June 22, 2023
LGBTQ Paths to Parentage Security: New Guide from GLAD and Mombian Helps LGBTQ Parents Understand Options for Protecting Their Families
Resource answers frequently asked questions about securing legal ties between children and parents in the face of a national patchwork of protections and outdated laws
GLBTQ Legal Advocates & Defenders (GLAD) and Mombian have partnered to create “LGBTQ Paths to Parentage Security,” a resource for LGBTQ+ parents and others that answers frequently asked questions about how LGBTQ+ parents can ensure their child-parent relationships will be secure and recognized in every state. It reflects the latest options and terminology as more states like Rhode Island, Connecticut, and Colorado expand access to ways of protecting children born via assisted reproduction and those with LGBTQ+ parents.
Not all states offer the same paths to parentage for these families, however. Because of bias and discrimination, both married and unmarried LGBTQ+ parents are advised to have the security of a court judgment to protect their child-parent relationships. Children have been pulled into the child welfare system because a parent who loves and cares for them wasn’t recognized as a legal parent, and non-birth parents who planned for and raised their kids have been stripped of their parental rights because a court relied on outdated laws that fail to acknowledge the existence of same-gender parents.
“LGBTQ Paths to Parentage Security” offers straightforward answers to questions like:
- What is parentage?
- Is it important to get a court judgment establishing that I am a parent?
- What if I am already on my child’s birth certificate?
- What options do I have to ensure my parental status will be recognized In all states?
- Do I need a lawyer?
Polly Crozier, Director of Family Advocacy at GLAD, said, “It is critical for LGBTQ+ parents to have the information and guidance they need about establishing and securing their legal ties to their children, in order to protect their children no matter where the family may move or travel.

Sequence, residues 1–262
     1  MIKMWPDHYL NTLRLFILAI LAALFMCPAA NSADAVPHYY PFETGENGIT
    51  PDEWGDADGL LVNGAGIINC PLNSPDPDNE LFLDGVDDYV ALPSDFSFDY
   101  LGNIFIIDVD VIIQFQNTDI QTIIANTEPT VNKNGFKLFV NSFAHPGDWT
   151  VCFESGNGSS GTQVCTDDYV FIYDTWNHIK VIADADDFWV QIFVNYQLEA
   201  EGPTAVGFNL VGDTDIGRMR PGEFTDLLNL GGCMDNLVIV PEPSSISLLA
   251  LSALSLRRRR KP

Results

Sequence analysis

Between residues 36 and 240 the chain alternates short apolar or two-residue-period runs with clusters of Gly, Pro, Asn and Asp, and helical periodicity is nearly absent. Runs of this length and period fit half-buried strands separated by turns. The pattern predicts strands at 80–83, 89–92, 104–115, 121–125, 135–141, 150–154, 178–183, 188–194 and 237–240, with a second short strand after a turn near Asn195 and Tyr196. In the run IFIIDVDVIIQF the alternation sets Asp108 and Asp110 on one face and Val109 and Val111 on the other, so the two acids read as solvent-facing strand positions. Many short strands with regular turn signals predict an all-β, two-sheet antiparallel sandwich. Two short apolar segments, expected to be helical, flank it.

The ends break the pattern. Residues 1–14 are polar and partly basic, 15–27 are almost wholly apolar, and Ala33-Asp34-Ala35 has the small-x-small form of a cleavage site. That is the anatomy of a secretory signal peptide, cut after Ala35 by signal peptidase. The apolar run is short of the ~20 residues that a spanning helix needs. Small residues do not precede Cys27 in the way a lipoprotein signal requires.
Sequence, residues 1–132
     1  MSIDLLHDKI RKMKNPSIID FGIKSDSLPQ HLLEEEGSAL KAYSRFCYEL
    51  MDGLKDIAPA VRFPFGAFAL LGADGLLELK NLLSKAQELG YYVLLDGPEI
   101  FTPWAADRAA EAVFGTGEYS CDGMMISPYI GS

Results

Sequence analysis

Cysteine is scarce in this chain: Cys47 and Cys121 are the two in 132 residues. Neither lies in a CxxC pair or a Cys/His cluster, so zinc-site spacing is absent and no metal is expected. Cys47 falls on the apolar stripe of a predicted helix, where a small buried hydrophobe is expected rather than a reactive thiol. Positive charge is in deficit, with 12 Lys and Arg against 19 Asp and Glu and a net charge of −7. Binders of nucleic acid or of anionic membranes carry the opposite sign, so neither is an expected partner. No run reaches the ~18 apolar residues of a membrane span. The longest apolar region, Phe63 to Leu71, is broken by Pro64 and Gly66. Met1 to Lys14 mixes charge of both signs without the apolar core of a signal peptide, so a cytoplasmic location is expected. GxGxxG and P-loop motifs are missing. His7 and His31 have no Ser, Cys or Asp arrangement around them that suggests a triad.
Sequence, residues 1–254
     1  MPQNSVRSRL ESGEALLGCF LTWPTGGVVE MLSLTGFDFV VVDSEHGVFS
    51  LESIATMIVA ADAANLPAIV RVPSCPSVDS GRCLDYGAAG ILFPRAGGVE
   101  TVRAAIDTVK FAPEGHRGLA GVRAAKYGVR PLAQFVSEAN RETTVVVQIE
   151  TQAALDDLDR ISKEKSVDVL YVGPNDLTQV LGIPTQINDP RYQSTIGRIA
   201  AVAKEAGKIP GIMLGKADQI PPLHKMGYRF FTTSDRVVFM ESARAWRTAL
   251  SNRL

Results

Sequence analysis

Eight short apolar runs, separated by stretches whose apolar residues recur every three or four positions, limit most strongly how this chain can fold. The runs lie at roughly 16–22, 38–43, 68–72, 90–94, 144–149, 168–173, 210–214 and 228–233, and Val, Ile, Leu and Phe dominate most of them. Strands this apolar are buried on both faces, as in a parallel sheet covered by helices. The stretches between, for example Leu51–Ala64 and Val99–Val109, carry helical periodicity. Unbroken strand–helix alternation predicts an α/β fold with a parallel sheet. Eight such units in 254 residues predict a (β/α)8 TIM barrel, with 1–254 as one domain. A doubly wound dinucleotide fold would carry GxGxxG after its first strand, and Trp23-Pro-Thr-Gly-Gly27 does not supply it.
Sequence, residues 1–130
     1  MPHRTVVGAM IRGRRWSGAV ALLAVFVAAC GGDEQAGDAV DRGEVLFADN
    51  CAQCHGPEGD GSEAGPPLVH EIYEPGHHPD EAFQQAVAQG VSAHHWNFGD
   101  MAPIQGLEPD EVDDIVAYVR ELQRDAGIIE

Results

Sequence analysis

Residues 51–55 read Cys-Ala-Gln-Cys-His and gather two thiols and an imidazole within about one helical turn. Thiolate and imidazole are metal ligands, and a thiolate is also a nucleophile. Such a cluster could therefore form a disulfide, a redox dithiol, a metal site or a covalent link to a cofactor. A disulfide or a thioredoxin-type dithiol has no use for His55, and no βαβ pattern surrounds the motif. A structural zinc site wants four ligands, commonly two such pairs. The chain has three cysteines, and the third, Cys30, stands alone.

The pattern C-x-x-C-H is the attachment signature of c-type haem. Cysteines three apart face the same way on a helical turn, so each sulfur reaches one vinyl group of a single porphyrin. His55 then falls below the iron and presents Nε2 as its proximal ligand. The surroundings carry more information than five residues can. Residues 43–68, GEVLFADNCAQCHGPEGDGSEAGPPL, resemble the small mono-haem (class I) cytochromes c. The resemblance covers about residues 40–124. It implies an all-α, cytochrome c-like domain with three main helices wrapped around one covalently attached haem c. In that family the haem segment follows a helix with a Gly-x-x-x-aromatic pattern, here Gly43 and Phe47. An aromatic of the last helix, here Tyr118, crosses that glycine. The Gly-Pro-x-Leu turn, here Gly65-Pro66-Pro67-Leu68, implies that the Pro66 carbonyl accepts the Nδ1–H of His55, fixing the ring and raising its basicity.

“At the same time, states must update their parentage laws to better protect all children and families. States like Rhode Island are paving the way by passing comprehensive parentage protections and streamlining the process for confirmatory adoption,” she added, “We need more states to remove existing barriers to legal parentage, including outdated laws that leave LGBTQ+ parents and their children vulnerable.”
Dana Rudolph, Founder and Publisher of Mombian (mombian.com), an award-winning blog for LGBTQ parents, said, “One of the most frequent questions I hear from other LGBTQ parents is whether they need to take additional steps to secure their parentage, particularly if they’re already on their child’s birth certificate. This guide can help them understand why such steps are necessary and what their options may be.”
“LGBTQ Paths to Parentage Security” complements a new report, “Relationships at Risk: Why We Need to Update State Parentage Laws to Protect Children and Families,” from the Movement Advancement Project (MAP), in partnership with COLAGE, Family Equality, GLAD, and the National Center for Lesbian Rights (NCLR).
The report details how the current patchwork of parentage laws across the country – many of which haven’t been updated in decades – leaves LGBTQ parents and their children vulnerable. It offers recommendations for all states to update and improve parentage laws, highlighting states that have taken crucial steps to update their parentage laws in recent years, including Colorado, Connecticut, and Rhode Island – and states like Massachusetts, which has the opportunity right now to protect LGBTQ+ families with the Massachusetts Parentage Act (H 1713 / S 947).
Find “LGBTQ Paths to Parentage Security” at lgbtqparentage.org
Find “Relationships at Risk” at mapresearch.org/2023-parentage-report